The White House said Tuesday that President Trump intends to nominate Travis LeBlanc, former chief of the Enforcement Bureau at the Federal Communications Commission, and Aditya Bamzai, formerly an attorney-adviser with the Department of Justice and now an associate law professor at the University of Virginia, to the Privacy and Civil Liberties Oversight Board (PCLOB).

The board is an independent executive branch agency established in 2007 that regularly weighs in on two fronts: reviews of executive branch actions to protect the United States against terrorism and whether those actions are “balanced” with the need to protect privacy and civil liberties of U.S. citizens; and making sure that “liberty concerns are appropriately considered” in development of U.S. law, regulation, and policy related to anti-terrorism efforts, PCLOB says.

Some of the board’s most notable work in recent years has come in evaluating government operations under Section 215 of the USA PATRIOT Act, and Section 702 of the Foreign Intelligence Surveillance Act.

The board consists of five members with the chairman serving on a full-time basis, and the other four members devoting part-time effort.

The board has only one member currently, Elisebeth Collins. Earlier this year, President Trump nominated Edward Felten and Jane Nitze to the board, but those nominations await Senate confirmation, as does the 2017 nomination of Adam Klein as board chair.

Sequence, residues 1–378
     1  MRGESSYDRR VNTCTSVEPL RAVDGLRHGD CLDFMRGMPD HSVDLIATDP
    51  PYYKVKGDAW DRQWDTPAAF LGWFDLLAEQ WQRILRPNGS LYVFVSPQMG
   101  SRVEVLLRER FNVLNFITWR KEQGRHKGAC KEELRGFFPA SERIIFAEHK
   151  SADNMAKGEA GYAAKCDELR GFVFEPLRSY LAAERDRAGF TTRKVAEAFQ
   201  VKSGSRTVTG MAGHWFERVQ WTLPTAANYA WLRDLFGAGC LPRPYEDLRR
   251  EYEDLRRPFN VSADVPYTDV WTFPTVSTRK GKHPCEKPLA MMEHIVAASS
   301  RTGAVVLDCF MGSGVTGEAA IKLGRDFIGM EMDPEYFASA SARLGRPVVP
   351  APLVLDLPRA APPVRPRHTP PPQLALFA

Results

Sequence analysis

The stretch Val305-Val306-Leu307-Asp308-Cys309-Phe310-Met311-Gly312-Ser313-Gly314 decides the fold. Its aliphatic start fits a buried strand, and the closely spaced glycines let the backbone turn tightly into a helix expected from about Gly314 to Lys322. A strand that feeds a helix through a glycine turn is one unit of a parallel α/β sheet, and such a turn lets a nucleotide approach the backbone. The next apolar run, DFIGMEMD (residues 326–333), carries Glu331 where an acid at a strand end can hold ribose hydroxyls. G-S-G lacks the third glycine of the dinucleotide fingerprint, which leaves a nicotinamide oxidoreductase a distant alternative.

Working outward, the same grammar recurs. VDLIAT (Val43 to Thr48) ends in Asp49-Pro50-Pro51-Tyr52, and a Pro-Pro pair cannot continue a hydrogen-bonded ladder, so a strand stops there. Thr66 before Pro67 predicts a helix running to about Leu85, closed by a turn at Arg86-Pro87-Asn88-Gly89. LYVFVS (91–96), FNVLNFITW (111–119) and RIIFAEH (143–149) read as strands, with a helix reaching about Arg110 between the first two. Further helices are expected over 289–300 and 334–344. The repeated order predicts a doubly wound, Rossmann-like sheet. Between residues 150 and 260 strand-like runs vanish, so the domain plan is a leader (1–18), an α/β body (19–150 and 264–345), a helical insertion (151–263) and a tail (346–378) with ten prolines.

LeBlanc’s current full-time employment is partner at Boies Schiller Flexner, practicing in a variety of areas including technology, cybersecurity, and privacy. Last year he was selected by the Commerce Department and the European Commission as an arbitrator for the EU-U.S. Privacy Shield Framework, which created the mechanism under which companies in the United States, EU, and Switzerland comply with data protection requirements when transferring personal data in connection with commercial activities.

Perhaps significant to LeBlanc’s nomination, PCLOB plays an important role in maintenance of the Privacy Shield Framework as the board is called upon to report on how U.S. intelligence agencies are handling bulk surveillance data.

According to press reports last month, the European Parliament adopted a resolution calling for suspension of the agreement, citing their view that the agreement does not provide “essentially equivalent” data protection for EU citizens. The list of concerns cited by the European Parliament include requests that PCLOB report on issues related to U.S. intelligence internet and phone data collection, and PCLOB’s present roster of just one member is causing concern with the EU legislators, reports indicated.

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John Curran
John Curran
John Curran is MeriTalk's Managing Editor covering the intersection of government and technology.